Our unique approach leads to big rewards. One reward is the chance to challenge the production-side estimates using very different data and methods. As we see below, our estimates are often dramatically different. An even bigger reward is that the income approach exposes the distribution of income by socio-economic class, race, and gender, as well as by region and urban-rural location.
New Findings About American Income Per Capita Leadership
America actually led Britain and all of Western Europe in purchasing power per capita during colonial times. Britain’s American colonies were already ahead by 38% in 1700 and by 52% in 1774, just before the Revolution (Figure 1). Angus Maddison’s (2001) claim that American income per capita did not catch up to that of Britain until the start of the twentieth century is off by at least two centuries.
Figure 1 Real purchasing power per capita: America versus Britain, 1700-2011
Since the 1770s, America’s big income per capita advantage over Britain has not increased. The only historical moment in which the US soared well above its colonial lead over Britain and the rest of the world came at the end of WWII. Since then, the American per capita income lead over Britain has fallen back to colonial levels.
But note the vulnerability of America’s relative income per capita to costly wars. Fighting for independence may have cut American income per capita by as much as 30% between 1774 and 1790. The causes seem clear – war damage, mortality and morbidity among young adult males, the destruction of loyalist social networks, a collapse of foreign markets for American exports, hyper-inflation, a dysfunctional financial system, and much more. Then, by 1860, the young republic had regained its big income lead, this time by as much as 46%. This was a period of rapid catching up with and overtaking of Western European per capita incomes, including that of Britain. Fast per capita income growth and even faster population growth made the America the second biggest economy in the world by 1860. However, the US lost most of that big lead (again) during the destructive Civil War decade. It gained the lead back once more by 1900, and briefly lost it (again) in the Great Depression of the 1930s.
American colonists probably had the highest fertility rates in the world, and their children probably had the highest survival rates in the world. Thus, the colonies had much higher child dependency rates, and family sizes, than did Europe – and even higher than the Third World does today. What was true of the colonies was also true of the young Republic. It follows that America’s early and big lead in income per capita was exceeded by its early lead in income per worker.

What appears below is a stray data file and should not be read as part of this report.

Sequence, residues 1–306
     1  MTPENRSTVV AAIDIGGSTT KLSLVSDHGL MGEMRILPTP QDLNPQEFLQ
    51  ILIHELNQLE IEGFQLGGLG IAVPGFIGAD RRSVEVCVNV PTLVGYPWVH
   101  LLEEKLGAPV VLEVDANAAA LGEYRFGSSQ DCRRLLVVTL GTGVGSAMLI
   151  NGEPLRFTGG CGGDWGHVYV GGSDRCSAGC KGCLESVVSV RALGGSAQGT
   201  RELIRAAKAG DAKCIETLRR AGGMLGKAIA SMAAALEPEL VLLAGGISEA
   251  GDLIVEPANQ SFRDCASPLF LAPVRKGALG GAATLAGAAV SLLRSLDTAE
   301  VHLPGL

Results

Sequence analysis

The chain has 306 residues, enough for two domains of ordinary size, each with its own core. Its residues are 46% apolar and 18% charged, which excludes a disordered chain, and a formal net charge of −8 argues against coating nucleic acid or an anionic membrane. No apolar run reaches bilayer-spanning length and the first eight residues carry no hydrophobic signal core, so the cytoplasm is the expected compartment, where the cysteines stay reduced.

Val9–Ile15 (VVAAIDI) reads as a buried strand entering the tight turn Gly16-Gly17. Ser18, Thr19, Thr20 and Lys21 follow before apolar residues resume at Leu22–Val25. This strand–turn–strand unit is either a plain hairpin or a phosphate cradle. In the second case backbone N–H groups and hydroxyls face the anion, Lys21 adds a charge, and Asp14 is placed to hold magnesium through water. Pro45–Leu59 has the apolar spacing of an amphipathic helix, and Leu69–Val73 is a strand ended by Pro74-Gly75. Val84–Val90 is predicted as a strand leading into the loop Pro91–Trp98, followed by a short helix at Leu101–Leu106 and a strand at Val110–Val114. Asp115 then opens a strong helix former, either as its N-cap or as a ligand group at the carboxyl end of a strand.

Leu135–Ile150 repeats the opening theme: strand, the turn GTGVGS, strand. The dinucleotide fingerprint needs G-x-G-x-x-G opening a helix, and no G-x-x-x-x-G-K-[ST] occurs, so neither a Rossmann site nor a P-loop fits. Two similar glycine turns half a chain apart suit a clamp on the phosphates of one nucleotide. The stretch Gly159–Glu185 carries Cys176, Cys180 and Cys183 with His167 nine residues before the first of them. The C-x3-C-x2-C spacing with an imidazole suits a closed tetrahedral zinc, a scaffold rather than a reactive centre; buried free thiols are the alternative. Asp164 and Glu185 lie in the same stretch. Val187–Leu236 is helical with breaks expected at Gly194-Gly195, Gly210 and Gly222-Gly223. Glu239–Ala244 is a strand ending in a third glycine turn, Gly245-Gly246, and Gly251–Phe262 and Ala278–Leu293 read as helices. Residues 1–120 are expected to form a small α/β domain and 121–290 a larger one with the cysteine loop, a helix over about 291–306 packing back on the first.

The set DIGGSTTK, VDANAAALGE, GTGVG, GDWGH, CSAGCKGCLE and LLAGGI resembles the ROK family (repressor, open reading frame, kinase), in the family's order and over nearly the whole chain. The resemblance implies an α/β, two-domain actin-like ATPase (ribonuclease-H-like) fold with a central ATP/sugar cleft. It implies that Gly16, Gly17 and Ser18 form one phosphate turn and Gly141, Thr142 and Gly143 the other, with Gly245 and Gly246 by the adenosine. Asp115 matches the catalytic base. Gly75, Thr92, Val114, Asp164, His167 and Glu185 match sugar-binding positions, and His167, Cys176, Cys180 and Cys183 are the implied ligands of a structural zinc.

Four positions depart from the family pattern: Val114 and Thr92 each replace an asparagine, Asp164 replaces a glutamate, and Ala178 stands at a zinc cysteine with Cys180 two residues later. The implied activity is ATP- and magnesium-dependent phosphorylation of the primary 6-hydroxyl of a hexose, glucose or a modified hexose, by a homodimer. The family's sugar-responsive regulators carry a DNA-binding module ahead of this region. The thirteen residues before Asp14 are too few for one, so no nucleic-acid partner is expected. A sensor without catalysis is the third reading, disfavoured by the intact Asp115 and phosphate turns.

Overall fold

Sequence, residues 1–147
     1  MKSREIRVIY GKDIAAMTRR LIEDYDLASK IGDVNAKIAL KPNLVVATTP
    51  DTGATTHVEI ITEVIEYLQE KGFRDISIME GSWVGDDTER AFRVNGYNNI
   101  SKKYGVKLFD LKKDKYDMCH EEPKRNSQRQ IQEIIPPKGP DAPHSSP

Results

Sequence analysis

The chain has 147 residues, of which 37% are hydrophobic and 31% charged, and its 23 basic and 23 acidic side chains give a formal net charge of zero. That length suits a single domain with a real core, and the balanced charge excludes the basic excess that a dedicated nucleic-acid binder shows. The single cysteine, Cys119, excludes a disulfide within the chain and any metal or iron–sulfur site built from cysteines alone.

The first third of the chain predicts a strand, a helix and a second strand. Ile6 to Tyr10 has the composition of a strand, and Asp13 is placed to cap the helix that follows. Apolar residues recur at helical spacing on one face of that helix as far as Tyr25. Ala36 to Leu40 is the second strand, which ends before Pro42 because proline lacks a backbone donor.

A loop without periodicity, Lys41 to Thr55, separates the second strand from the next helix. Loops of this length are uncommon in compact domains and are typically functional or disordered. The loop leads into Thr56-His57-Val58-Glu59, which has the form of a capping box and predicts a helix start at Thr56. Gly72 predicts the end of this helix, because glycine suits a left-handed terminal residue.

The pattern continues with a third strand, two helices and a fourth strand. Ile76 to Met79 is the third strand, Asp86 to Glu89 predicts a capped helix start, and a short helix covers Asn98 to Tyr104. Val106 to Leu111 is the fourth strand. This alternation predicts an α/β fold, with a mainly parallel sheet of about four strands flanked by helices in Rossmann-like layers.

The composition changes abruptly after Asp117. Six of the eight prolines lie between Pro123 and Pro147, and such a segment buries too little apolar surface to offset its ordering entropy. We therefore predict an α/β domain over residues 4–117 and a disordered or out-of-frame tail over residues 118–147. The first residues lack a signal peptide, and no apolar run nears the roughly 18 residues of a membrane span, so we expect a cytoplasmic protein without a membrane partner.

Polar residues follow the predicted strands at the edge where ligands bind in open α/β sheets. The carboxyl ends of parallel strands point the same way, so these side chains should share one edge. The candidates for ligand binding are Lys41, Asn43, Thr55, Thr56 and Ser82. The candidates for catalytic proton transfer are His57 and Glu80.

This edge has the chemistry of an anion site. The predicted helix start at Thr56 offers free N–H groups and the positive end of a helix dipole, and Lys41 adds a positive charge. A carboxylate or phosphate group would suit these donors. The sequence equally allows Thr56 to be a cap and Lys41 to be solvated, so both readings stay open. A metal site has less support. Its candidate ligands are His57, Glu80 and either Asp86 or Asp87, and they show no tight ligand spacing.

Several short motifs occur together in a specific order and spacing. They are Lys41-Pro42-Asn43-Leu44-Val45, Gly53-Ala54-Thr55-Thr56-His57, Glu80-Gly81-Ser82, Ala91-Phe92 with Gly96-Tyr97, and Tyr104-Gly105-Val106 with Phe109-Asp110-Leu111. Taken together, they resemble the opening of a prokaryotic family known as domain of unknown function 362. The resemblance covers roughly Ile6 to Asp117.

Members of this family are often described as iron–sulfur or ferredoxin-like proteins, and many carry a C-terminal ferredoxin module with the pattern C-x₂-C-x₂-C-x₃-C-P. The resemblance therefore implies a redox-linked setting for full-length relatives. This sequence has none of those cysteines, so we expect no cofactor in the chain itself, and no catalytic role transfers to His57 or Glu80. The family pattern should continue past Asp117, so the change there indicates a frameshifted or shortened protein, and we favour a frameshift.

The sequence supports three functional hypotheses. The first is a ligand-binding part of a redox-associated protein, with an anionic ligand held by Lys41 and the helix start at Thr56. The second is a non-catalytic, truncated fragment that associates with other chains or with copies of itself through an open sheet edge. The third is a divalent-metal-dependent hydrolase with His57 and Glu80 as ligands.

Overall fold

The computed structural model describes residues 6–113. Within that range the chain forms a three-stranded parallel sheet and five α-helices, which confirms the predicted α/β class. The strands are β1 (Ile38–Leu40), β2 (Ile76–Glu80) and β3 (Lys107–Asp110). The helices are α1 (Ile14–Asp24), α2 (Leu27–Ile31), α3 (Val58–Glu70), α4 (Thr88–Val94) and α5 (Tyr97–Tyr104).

New Findings About American Inequality
Colonial America was the most income-egalitarian rich place on the planet. Among all Americans – slaves included – the richest 1% got only 8.5% of total income in 1774. Among free Americans, the top 1% got only 7.6%. Today, the top 1% in the US gets more than 20% of total income. Colonial America looks even more egalitarian when the comparison is by region – in New England the income Gini co-efficient was 0.37, the Middle Atlantic was 0.38, and the free South 0.34. Today the US income Gini is more than 0.5, before taxes and transfers. Colonial America was also far less unequal than Western Europe. England and Wales in 1759 had an income Gini of 0.52,and in 1802 it was 0.59. Holland in 1732 had an income Gini of 0.61, and the Netherlands in 1909 had 0.56. Also, if you agree with neo-institutionalists that economic equality fosters political equality, which fosters pro-growth policies and institutions, then America’s huge middle class is certainly consistent with the young republic’s pro-growth Hamiltonian stance from 1790 onwards. That is, the middle 40% of the distribution got fully 52.5% of total income in New England, the cradle of the revolution!